Not having a strong CSAT/NPS goal is at the heart of many issues in the customer experience. If you’ve ever been relentlessly handed off between operators in a contact centre you have felt the effects. You know they have a tight AHT goal and it’s more important to keep their personal AHT down by shuffling you to another operator than to solve your problem. [Read more…]

[Guest Post] Can Technology Delight Customers? Yes and No.

Bob Thompson

bigstock-Social-media-on-smartphone-60749657Like it or not, the world is going digital. Websites were just the beginning. Now we have social media, smartphones and so on. The only conclusion I can reach is that more of our lives will be spent interacting with technology of one kind or another.

The conundrum: People are more likely to create memorable experiences, which is essential to drive genuine loyalty. In CustomerThink’s research, we find that friendly, well-trained, and knowledgeable employees are key factors what customers perceive to be excellent experiences. Only humans can express empathy and solve problems creatively, so it’s not surprising that interactions with people are more memorable.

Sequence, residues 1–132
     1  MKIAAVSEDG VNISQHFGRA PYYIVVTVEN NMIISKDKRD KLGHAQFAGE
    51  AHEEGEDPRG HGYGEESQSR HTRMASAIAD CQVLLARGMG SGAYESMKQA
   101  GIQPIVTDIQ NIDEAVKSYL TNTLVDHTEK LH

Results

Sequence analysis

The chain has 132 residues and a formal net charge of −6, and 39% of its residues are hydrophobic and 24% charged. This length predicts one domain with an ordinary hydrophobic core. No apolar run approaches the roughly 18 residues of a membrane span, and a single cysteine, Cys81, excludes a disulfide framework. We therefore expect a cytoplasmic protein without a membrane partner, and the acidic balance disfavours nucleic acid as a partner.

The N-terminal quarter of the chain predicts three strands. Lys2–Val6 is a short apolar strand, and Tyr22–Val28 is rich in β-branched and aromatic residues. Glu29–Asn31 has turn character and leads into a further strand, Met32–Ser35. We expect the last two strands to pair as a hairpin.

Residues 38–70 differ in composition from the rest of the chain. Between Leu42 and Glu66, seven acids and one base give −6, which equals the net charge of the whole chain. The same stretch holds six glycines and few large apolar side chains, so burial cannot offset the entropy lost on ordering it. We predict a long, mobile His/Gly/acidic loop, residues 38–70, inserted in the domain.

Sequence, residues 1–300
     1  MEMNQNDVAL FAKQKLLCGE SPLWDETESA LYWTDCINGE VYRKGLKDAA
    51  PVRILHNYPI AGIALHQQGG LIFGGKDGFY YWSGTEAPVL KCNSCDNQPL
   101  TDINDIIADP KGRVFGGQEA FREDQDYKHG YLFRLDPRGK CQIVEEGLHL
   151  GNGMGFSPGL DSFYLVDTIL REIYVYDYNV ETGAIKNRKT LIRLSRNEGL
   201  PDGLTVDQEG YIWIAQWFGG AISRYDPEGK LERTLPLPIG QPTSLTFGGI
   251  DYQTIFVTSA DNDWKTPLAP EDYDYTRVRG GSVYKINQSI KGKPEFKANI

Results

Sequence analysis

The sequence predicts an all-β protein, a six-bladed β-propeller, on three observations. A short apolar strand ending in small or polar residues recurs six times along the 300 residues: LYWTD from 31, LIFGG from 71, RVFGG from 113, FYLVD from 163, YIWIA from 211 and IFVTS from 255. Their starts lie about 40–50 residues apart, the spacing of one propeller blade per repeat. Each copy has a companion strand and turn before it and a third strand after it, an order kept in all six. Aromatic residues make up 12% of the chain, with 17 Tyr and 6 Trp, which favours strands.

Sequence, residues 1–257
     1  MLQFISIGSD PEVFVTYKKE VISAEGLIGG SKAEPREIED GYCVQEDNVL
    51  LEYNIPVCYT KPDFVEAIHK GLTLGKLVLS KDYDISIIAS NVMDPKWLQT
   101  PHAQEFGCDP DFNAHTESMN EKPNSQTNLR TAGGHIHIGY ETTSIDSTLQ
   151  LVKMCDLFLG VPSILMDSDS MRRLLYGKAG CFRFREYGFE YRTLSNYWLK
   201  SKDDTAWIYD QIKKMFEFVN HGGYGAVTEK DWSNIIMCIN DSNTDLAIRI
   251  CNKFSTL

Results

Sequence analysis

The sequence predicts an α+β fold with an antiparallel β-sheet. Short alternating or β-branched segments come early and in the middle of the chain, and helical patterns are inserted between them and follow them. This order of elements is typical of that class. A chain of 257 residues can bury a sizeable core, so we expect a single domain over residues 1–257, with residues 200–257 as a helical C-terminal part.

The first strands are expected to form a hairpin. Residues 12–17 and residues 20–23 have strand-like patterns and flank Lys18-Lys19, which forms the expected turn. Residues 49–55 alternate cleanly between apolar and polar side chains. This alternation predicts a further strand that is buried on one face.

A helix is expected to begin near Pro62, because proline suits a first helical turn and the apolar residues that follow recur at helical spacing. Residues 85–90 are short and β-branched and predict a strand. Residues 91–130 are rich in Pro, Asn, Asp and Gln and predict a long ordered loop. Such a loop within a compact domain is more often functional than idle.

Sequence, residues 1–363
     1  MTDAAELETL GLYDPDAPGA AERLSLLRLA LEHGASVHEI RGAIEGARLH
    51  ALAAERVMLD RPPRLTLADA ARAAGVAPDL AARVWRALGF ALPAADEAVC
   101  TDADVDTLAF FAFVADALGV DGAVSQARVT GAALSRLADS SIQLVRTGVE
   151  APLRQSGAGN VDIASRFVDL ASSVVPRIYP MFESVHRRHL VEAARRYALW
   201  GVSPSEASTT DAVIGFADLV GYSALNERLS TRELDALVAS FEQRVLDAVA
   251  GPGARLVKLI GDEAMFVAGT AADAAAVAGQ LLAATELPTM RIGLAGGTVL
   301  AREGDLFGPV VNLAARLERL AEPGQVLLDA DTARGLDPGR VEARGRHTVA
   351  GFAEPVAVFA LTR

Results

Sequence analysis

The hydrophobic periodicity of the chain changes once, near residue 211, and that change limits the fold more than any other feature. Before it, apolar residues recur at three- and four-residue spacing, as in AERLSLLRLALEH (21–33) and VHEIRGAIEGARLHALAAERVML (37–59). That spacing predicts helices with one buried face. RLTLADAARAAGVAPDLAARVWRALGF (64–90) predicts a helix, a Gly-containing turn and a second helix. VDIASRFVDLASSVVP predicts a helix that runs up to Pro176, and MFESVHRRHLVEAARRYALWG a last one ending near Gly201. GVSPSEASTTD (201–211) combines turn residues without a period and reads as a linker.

New technology can be a positive surprise — I still think it’s amazing that I can buy and receive a Kindle e-book from Amazon in less than one minute. But as Jon Picoult of Watermark Consulting notes: “When technology helps fuel a delightful customer experience, it usually doesn’t take much for other firms to copy that technology.”

More typically, automation is used to make customer interactions more efficient, consistent, and less memorable. So if you’re not careful, you can automate your way to a faceless company with no personality whatsoever!

The solution is to understand the three important roles that technology can play in delightful customer experiences. Let’s use the analogy of a great movie, where the audience experience is delivered by the star, supporting actors, and a “key grip” to manage lighting and camera movements. Obviously only the actors are seen on screen, but without great support behind the camera, a film won’t be delightful to watch. [Read more…]

You Unconsciously Resent Your Customers